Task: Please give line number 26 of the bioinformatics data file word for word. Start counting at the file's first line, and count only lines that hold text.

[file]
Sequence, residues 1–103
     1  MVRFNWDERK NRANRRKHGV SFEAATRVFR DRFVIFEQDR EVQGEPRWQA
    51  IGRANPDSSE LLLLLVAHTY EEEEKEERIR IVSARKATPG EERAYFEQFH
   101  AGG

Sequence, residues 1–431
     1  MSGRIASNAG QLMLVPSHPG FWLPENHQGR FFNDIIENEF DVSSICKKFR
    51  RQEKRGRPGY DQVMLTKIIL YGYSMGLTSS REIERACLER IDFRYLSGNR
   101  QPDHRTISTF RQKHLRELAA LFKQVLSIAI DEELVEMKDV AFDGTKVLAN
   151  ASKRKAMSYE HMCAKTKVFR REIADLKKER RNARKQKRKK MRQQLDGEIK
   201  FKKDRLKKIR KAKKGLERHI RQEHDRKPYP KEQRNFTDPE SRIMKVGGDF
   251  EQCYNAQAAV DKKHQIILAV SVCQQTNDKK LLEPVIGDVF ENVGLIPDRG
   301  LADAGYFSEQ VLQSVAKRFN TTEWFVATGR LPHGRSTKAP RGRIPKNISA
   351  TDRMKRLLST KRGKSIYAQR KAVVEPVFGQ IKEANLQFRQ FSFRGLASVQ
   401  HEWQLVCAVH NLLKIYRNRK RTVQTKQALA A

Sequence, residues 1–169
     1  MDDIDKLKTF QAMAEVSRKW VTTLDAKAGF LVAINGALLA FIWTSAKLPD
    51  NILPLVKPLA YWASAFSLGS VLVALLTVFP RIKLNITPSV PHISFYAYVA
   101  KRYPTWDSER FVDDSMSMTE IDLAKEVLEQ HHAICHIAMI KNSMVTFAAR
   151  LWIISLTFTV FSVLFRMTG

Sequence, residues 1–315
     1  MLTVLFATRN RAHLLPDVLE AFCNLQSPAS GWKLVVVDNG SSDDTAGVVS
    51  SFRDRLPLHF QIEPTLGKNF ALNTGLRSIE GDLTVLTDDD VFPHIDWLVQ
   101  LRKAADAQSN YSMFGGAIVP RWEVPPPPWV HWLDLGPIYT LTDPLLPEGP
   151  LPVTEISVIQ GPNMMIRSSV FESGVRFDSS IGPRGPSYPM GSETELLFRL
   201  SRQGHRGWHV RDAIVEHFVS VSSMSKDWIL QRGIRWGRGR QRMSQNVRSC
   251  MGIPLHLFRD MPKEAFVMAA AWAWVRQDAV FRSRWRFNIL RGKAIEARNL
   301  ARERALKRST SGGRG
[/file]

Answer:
   251  MGIPLHLFRD MPKEAFVMAA AWAWVRQDAV FRSRWRFNIL RGKAIEARNL